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A Political Economy Model

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Kimakona, Alena. "A Political Economy Model of Health Insurance Policy." Atlantic Economic Journal 38.1 (2010) : 23. ABI/INFORM Global, ProQuest. Web. 17 January 2011.

This article presupposes the idea that the current status of health insurance policy in the United States is driven by a tendency toward redistribution. Furthermore, it asserts that the underlying thrust of US health policy is not motivated by compassion for the uninsured but by large US corporations and their employee unions. Because small firms are typically free from the stranglehold of unionization, they tend to be against any sort of mandatory employer-employee cost sharing scheme for insurance coverage. Additionally, the article asserts that a higher degree of unionization in a corporation tends to increase the burden of health care; there is, therefore, a positive relationship between public health coverage and unions (35). Finally, because the general population of the US is more inclined to be against excessive taxation, regulation, and redistribution, there is likely to be a pronounced public resistance to mandatory health insurance coverage.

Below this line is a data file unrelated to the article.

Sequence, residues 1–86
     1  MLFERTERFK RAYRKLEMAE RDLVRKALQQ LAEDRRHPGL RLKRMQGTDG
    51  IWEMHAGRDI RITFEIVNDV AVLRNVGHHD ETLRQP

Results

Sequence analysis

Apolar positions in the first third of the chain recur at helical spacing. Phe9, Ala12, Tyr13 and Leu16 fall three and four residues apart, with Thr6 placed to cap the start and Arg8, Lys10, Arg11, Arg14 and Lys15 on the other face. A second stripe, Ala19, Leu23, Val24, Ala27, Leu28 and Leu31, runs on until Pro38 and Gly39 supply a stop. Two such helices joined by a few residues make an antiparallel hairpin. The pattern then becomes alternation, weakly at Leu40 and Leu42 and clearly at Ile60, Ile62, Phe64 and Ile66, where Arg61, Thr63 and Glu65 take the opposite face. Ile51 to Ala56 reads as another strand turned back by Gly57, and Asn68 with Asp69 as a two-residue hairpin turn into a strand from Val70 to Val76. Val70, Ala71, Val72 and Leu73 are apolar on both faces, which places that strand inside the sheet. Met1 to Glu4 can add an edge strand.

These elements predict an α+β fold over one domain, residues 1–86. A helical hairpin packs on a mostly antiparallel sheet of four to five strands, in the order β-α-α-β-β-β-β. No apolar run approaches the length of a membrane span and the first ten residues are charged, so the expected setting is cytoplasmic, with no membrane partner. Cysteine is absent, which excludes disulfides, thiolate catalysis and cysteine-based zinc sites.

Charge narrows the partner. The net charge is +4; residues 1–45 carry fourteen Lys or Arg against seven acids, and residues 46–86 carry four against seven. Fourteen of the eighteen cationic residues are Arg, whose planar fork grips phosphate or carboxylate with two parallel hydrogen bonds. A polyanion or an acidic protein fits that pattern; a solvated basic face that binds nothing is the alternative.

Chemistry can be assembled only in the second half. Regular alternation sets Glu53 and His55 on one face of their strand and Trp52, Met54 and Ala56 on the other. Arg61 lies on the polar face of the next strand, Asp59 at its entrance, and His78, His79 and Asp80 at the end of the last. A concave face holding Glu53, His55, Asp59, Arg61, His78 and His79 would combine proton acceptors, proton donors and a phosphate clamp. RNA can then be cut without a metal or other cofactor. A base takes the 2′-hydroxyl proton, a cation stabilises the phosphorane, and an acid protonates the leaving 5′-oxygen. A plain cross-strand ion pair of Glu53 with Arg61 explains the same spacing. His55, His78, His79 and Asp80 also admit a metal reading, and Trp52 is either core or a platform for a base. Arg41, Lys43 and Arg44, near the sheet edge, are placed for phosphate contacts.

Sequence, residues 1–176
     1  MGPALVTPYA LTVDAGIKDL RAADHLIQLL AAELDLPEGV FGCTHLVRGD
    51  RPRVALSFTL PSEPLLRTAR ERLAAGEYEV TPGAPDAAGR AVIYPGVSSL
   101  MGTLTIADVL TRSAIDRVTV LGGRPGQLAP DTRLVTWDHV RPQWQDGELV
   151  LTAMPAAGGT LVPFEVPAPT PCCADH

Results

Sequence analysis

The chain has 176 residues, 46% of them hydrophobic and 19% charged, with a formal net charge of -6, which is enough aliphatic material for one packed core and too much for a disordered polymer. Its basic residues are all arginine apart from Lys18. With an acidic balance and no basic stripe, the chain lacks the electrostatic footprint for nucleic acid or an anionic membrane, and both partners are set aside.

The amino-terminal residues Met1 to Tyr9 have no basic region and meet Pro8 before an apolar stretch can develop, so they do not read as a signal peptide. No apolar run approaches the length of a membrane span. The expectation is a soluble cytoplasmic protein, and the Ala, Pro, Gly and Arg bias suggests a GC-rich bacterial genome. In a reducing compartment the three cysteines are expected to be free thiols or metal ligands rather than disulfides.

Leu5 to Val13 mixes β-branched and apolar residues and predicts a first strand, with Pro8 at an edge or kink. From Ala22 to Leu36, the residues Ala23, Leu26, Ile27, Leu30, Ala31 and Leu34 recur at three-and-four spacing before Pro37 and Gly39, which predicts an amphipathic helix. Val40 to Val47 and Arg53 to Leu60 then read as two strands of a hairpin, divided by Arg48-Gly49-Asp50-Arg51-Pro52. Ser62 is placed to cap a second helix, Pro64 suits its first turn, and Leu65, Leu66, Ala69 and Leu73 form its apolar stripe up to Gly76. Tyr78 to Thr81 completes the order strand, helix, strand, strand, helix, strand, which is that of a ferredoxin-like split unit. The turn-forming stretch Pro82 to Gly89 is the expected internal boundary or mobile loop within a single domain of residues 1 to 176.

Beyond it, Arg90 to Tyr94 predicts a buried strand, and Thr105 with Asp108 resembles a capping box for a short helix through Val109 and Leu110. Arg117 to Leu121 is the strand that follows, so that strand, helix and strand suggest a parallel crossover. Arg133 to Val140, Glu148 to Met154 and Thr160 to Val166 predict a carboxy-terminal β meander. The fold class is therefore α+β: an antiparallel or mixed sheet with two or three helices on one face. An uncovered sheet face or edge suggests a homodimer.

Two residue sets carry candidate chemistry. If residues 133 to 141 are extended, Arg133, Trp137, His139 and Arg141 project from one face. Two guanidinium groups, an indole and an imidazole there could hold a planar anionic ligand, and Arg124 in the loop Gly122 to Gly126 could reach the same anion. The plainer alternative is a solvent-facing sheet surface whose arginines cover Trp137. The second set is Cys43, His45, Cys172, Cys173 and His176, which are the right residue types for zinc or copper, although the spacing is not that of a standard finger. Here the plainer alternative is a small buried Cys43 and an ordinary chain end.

Levy, Theodore. "Do We Really Want a right to Health Care?" Freeman. 1 May 2010: Research Library, ProQuest. Web. 12 February 2011.

This article addresses the misnomer of the "right" of health care. The author begins by asking if there is a downside through getting health care as a political right versus through a market commodity. He argues that "decisions have to be made about what the 'right' to health care includes." The primary question is addressed in the correct assumption that a "right to health care does not guarantee you'll have all you might want or need" (29). Levy backs up his argument with the boondoggle that is government schools. Just look at the amount of money that has been poured into K-12 education over the past 40 years; government spending "has almost tripled on an inflation-adjusted per capita basis" (29). Unfortunately, there is no corresponding ROI. In fact, national testing shows no improvement in the key areas of math, science, and reading. The government provides "education" but is not "particularly successful at educating students" (29). As evidenced here, there is an inherent risk in making things "rights". "Rights can be modified, restricted, curtailed, or eliminated, depending on the political climate" (31). If you have a disease and the government things the treatment is too risky or expensive, you may have the "right" to health care

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